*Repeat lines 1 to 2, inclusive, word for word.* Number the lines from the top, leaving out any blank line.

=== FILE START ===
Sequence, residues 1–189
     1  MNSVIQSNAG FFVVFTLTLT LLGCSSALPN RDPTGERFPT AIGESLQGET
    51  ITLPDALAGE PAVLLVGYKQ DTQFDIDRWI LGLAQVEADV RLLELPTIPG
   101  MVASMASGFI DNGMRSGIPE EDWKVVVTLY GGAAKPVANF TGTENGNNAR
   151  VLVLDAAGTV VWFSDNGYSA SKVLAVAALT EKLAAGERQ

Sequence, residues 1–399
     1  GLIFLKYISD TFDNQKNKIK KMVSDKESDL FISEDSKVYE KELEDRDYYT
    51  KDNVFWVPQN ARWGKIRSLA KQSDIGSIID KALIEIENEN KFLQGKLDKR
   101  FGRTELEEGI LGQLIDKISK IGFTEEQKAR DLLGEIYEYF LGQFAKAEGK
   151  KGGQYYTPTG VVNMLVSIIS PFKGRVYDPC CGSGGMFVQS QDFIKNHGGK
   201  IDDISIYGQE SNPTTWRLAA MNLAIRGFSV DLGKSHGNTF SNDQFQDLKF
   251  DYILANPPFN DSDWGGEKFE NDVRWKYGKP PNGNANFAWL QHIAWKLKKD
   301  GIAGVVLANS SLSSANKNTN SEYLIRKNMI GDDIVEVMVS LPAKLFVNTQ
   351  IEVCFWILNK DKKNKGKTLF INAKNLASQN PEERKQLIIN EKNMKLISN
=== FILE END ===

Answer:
Sequence, residues 1–189
     1  MNSVIQSNAG FFVVFTLTLT LLGCSSALPN RDPTGERFPT AIGESLQGET